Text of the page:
JFK airport tries to catch up, vows to probe weekend of woes

NEW YORK — Frazzled travelers snoozed on floors, and dozens of suitcases sat unclaimed as a welter of wintry problems — from a snowstorm to a burst water pipe — extended flight delays at Kennedy Airport into a fourth day Monday. The agency running the airport vowed to investigate the fiasco.

Andrea Collavo and his girlfriend were supposed to fly home to Italy on Friday after a vacation in the U.S. but still were trying to get into the air Monday.

They had spent days shuttling back and forth to hotels, waiting in a terminal, calling airlines and finally boarding a plane Sunday only to have it spend two hours on the tarmac and then turn back because of an equipment problem, a frustrated Collavo said.

"I can understand: Yeah, it's a mess because of the weather. But it seems that they're not very well organized," he said. "There's a big lack of information."

More than 115 flights of the day's roughly 600 were canceled, and about 100 were delayed at one of the nation's busiest airports. And the weather brought a bit more freezing rain, sleet and snow Monday night.

"What happened over the weekend was a completely unacceptable performance," said Rick Cotton, executive director of Kennedy Airport's owner, the Port Authority of New York and New Jersey. He pledged to bring in outside experts and investigators to dissect the breakdowns and improve communication and contingency plans.

"We intend to identify what went wrong, why it went wrong ... and we intend to fix it," Cotton said.

As officials hoped to get the airport back in order, Mariani Silva hoped to get out of it. She'd spent the night at Kennedy after arriving around 7 p.m. Sunday for her flight home to Brazil.

"I'm trying to go back to Sao Paulo since yesterday, and I'm still in the airport, sitting on the ground," she said, hoping to get on a plane Monday evening.

Other passengers tried to get hold of their luggage. At points, scores of suitcases were lined up in cordoned-off areas without their owners. Cotton said the Port Authority had told airlines and the companies that run terminals to get bags and passengers back together fast.

The trouble began when a winter storm blasted New York and snarled air travel on Thursday.

As the skies cleared, unusually cold weather shot in, creating what the airport operating agency called a cascade of problems over the weekend. Temperatures around the airport were in the teens and single digits Saturday and Sunday, hitting just 4 degrees around 8 a.m. Sunday, according to the National Weather Service.

Frozen equipment, luggage-handling problems and staff shortages slowed down operations on the ground. As flights got backlogged, gates clogged up, and some arriving passengers waited on the tarmac for hours and ended up being bused to terminals. Other flights were diverted. One plane even clipped another outside a terminal amid the difficult conditions early Saturday.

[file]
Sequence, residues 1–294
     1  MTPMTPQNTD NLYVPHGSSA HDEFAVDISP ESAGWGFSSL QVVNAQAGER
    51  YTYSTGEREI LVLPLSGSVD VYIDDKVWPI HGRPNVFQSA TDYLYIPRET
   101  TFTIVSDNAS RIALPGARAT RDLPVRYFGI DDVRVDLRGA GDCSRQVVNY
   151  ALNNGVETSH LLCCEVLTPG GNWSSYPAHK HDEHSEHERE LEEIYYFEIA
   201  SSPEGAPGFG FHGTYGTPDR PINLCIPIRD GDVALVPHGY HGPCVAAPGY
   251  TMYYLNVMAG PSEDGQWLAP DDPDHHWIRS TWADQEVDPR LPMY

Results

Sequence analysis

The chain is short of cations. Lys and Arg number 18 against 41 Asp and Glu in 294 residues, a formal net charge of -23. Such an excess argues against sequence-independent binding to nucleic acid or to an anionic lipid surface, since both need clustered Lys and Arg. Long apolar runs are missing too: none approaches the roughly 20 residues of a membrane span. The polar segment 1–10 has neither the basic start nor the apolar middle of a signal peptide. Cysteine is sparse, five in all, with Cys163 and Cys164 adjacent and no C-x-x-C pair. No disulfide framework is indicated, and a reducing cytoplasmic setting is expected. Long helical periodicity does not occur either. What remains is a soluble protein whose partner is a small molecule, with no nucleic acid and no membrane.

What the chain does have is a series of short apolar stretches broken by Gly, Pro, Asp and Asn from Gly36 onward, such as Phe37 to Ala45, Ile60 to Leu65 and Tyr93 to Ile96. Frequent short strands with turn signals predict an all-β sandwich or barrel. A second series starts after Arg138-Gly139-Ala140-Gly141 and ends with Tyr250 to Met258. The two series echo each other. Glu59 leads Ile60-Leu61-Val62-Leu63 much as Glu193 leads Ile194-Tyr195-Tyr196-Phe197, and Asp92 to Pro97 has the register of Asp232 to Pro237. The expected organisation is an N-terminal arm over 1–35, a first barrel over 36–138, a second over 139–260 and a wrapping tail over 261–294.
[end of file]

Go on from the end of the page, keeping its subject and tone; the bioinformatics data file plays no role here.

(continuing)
It wasn't immediately clear how many passenger-filled planes at JFK sat on the ground long enough to risk a possible U.S. Department of Transportation fine. The threshold is more than three hours for a domestic flight and four for an international one.

Then, around 2 p.m. Sunday, a water pipe broke . About 3 inches (8 centimeters) of water gushed onto the floor of Terminal 4, suspending its international flight arrivals for a few hours.

The terminal was completely up and running again four hours later, and flights resumed normal operations by 9:45 p.m., according to JFK International Air Terminal LLC, the company that runs the terminal.

Cotton blamed the weekend of woes primarily on poor communication between international airlines and terminal operating companies.

Brian Kelly, CEO of The Points Guy travel website, pointed to rocky coordination among the different companies that run the airport's terminals. They're independent of each other, and that can make it difficult, if not impossible, for an airline operating at one terminal to find a gate at another.

"I didn't think JFK could one-up itself, but it certainly did," Kelly said. "They need to get all the terminals working together because this can't happen again."

Meanwhile, Valentina Kukwa continued trying to get home to Salt Lake City from her trip to Cameroon. Two days of travel had turned into three-plus, including a daylong wait in Morocco, and she had no idea where some of her luggage was.

Kukwa, who's originally from Cameroon, wasn't surprised that a storm would disrupt winter travel.

"My frustration was the way they handled it," she said. "It's a bad situation, but they're making it worse."


Associated Press video journalist Joseph B. Frederick and photographer Richard Drew contributed from New York, and AP Airlines Writer David Koenig contributed from Dallas.

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